Now is not the time to close the deal, many buyers are deciding
By June Fletcher and Ruth Simon
A little over a year ago, buyers couldn't wait to sign contracts to purchase homes. Now, many can't wait to get out of them.
With real-estate prices falling around the country and even pro-industry trade groups predicting further declines over the next year, buyers are backing away from deals in droves. At a semiannual housing forecast conference in Washington, D.C. recently, economists reported that contract-cancellation rates for big builders were running around 40 percent — about twice as high as last year's levels. Anecdotally, real-estate professionals say they are seeing a similar dynamic in existing-home sales.
Some of the cancellations are by people who signed new-home contracts at one price months ago, haven't yet closed, and are now stunned to see the builder drastically cutting prices on identical properties. Some are by speculators caught short by other investments they can't unload. And some are by people trapped in a chain reaction: They can't sell their old home — or the buyer has canceled the contract — so they are being forced to cancel the deal on a new house they are buying somewhere else.
"There are a whole lot of people running from contracts," says Alexandria, Va., real-estate attorney Beau Brincefield. He is currently representing more than 50 buyers who are seeking to get out of contracts on single-family homes, townhouses and condos, compared with none a year ago.
Even though it may mean losing a deposit that could run tens of thousands of dollars — deposits typically range from 1 percent to 5 percent of the purchase price — many buyers are deciding that is less onerous than the alternative. With median new-home prices already 9.7 percent below last year's levels, according to the U.S. Commerce Department, bailing out now may be less painful than committing to an expensive, and possibly depreciating, investment.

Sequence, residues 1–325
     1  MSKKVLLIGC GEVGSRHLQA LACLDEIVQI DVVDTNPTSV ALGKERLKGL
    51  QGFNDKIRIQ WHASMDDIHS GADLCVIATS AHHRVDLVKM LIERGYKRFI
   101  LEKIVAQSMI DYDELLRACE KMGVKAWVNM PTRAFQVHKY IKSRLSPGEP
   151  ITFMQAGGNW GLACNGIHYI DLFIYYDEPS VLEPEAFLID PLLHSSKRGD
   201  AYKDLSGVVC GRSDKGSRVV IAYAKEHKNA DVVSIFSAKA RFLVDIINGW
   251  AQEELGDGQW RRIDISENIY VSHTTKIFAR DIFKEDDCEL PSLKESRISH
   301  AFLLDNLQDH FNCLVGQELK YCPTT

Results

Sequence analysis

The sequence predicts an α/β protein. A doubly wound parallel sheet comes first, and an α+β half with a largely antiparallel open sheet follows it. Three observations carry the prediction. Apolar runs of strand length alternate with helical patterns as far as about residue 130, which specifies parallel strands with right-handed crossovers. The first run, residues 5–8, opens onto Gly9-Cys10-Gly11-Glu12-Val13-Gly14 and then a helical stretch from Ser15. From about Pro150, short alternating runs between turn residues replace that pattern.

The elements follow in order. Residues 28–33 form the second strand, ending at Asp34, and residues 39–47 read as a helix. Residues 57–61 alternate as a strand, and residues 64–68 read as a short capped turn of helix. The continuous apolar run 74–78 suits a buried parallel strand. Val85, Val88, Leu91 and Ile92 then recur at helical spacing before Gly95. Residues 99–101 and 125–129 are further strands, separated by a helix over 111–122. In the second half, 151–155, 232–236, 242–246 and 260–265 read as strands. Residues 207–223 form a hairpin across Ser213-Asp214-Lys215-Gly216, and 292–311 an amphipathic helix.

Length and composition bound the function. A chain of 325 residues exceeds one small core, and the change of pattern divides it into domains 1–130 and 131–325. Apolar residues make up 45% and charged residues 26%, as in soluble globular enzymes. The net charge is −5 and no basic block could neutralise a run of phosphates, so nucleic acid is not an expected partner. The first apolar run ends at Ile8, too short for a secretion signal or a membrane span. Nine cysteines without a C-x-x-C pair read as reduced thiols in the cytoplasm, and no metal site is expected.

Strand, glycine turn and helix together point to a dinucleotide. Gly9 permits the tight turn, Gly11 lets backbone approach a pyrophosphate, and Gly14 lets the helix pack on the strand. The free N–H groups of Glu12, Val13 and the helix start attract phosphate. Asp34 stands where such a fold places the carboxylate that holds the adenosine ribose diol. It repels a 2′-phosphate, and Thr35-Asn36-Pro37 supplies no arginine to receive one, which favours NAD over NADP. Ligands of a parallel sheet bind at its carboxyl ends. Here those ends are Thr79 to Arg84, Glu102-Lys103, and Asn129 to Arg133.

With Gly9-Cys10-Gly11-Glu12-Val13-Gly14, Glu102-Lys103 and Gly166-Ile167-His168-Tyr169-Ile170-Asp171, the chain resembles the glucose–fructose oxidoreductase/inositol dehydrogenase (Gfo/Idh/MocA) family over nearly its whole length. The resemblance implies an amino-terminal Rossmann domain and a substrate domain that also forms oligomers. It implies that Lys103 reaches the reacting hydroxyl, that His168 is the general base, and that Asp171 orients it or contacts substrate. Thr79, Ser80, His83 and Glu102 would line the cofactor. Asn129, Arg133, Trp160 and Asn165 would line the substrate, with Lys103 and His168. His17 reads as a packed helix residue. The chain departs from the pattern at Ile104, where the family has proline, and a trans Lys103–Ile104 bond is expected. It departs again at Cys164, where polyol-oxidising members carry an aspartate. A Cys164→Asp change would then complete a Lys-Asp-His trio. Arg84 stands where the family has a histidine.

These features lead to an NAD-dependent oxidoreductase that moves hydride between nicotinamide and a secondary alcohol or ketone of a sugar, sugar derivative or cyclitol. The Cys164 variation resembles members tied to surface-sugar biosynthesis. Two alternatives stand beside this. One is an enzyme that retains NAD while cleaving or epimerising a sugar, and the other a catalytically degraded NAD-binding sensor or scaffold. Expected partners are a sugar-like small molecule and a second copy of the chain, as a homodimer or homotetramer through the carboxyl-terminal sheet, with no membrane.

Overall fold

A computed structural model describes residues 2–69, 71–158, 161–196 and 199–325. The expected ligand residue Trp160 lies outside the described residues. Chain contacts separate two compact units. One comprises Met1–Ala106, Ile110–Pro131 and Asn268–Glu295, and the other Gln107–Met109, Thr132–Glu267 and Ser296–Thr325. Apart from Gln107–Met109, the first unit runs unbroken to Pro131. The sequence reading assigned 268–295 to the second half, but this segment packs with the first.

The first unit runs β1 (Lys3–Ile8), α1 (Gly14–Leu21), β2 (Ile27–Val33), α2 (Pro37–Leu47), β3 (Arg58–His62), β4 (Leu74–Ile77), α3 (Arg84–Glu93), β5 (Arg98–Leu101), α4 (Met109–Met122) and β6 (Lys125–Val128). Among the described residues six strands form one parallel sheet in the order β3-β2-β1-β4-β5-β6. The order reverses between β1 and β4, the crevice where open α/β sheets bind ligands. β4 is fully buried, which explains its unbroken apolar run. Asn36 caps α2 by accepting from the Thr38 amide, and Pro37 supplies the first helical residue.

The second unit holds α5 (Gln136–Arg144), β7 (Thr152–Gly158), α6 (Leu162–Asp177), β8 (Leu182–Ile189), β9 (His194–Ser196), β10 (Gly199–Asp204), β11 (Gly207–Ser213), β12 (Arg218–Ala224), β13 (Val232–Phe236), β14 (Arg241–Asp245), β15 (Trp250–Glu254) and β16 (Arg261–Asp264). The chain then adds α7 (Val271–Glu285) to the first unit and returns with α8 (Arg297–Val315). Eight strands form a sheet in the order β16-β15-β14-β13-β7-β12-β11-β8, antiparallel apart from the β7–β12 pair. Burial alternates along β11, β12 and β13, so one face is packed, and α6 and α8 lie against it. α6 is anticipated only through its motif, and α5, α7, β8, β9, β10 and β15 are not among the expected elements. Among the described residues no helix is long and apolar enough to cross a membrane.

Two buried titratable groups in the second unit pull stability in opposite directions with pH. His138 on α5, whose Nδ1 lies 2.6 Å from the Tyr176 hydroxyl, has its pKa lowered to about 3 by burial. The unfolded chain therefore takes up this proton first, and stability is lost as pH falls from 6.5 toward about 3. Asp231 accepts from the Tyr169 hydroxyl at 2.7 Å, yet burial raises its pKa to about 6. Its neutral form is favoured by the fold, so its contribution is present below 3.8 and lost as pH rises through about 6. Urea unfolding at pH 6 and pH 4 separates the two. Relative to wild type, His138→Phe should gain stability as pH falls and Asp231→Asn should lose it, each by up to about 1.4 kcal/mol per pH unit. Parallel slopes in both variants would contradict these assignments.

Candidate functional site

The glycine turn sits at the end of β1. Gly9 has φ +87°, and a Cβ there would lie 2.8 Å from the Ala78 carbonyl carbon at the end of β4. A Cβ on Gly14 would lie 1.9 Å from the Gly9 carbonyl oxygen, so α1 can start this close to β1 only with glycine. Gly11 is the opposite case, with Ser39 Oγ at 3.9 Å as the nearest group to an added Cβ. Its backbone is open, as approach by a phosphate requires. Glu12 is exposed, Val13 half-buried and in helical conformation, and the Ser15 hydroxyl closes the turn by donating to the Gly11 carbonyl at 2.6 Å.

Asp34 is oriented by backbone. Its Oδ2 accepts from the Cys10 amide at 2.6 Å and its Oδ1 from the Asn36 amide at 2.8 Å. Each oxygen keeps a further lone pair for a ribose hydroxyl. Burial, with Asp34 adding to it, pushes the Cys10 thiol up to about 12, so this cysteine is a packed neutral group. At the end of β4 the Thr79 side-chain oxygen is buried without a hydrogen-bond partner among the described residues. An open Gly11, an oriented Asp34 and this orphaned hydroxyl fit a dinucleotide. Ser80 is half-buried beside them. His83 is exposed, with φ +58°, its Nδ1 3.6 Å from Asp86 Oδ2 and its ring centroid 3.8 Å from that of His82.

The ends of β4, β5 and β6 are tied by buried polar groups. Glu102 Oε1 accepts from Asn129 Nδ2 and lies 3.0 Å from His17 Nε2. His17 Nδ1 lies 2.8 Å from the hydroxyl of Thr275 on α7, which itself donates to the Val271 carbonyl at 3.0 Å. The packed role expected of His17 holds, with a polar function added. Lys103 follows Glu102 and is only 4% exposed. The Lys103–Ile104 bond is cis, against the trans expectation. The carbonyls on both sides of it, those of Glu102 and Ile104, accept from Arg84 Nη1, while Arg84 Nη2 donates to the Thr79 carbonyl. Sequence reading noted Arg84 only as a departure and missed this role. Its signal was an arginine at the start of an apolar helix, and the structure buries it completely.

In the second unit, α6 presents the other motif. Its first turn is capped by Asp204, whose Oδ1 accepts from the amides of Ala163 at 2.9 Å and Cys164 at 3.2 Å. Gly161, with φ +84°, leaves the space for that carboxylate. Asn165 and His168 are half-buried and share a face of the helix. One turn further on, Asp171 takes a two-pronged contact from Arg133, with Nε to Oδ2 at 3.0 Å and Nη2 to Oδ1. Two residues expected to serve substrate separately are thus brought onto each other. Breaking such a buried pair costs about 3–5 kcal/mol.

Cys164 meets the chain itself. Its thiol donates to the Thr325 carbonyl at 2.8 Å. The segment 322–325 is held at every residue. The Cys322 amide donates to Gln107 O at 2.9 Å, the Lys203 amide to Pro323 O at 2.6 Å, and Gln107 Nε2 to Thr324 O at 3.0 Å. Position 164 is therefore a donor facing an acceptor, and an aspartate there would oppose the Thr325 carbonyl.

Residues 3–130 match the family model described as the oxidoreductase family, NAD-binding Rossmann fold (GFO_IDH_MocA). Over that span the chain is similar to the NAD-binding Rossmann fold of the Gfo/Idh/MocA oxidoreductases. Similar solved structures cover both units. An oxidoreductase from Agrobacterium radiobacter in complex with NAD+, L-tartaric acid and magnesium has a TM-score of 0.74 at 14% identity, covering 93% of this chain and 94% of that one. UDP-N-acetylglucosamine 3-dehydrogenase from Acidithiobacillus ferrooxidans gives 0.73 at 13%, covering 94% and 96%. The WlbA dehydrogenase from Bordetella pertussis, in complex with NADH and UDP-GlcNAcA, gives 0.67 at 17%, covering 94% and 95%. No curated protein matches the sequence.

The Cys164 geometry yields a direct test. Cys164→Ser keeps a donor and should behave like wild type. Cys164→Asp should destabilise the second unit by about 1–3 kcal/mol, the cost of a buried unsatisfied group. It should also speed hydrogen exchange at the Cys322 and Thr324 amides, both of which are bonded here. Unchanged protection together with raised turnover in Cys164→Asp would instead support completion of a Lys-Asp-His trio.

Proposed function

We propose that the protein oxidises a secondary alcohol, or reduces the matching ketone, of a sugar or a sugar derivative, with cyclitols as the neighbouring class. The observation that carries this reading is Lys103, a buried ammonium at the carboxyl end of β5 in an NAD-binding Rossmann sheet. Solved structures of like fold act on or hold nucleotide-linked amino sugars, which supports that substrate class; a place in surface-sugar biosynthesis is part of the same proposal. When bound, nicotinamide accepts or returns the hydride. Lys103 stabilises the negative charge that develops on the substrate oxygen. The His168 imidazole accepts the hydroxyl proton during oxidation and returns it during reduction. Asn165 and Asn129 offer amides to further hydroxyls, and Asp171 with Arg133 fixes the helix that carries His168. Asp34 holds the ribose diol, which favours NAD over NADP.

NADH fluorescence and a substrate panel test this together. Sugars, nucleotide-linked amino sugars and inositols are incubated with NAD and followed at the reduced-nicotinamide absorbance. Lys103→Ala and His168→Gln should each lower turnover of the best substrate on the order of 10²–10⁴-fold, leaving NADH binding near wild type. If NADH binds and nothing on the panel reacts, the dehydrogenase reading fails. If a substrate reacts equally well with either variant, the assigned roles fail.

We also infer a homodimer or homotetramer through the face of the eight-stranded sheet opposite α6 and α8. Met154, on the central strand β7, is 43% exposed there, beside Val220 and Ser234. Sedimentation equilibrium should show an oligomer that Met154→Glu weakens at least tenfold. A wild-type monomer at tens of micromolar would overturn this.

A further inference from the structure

It's a far cry from the home-flipping exuberance of the past few years, when rising home values fueled a buy-and-sell mentality among millions of homeowners, and trading up became a staple of reality TV and home-improvement shows.
New-home builders are taking a big hit from record numbers of contract cancellations, or "kickouts." Fort Worth, Texas-based D.R. Horton Inc., the nation's biggest developer, says its cancellation rate is currently 40 percent, compared with 29 percent a year ago. Meritage Homes Corp., in Scottsdale, Ariz., is reporting a 37 percent kickout rate, compared with 21 percent a year ago. And Standard Pacific Corp. says that 50 percent of its contracts fell through in the third quarter of this year, compared with 18 percent for the same period last year. ...Caught Between Two Mortgages
Cancellations by buyers of existing homes are up as well....
With the market cooling, buyers have decided they can buy a similar property for less. For others, adjustable-rate mortgages have gotten more expensive, making a home purchase too costly,*Shallis says. ...
Rising Interest Rates
Kickouts were high nationwide in the late '80s, and in California and New England in the early '90s, spurred by massive job losses. But until now there's never been a period where cancellations have spiked in the absence of a recession, according to Amy Crews Cutts, deputy chief economist at Freddie Mac.*Cutts says the current jitters are largely a result of investors fleeing the housing market in the last few months, which "slammed [it] into reverse," and consumers' fears that the bubble had burst. Rising interest rates earlier this year also gave buyers who hadn't yet closed on their homes cold feet. The result: a huge backlog of unsold homes, which could further depress prices.
But mortgage rates have fallen recently, and if they stay below 6.5 percent,*Cutts expects that buyers will regain their confidence by late spring, causing cancellations to ease up. Vienna, Va., housing economist Thomas Lawler agrees, but says builders must continue to cut their production and sell off their inventory so supply and demand can get back in balance. "Builders need to take a bullet," he says.
... To keep deals from falling apart, builders are offering everything from free vacations and cars to help with closing costs and mortgage-rate buy-downs — and they are cutting prices, too. "They're hungry," says Gopal Ahluwalia, director of research at the National Association of Home Builders, the organization that sponsored last week's forecast conference.
Most of these incentives are dangled to attract new customers. ...Some are even offering to drop the selling price after contracts have been signed.
--Published Nov. 6, 2006
This article is reprinted by permission from RealEstateJournal.com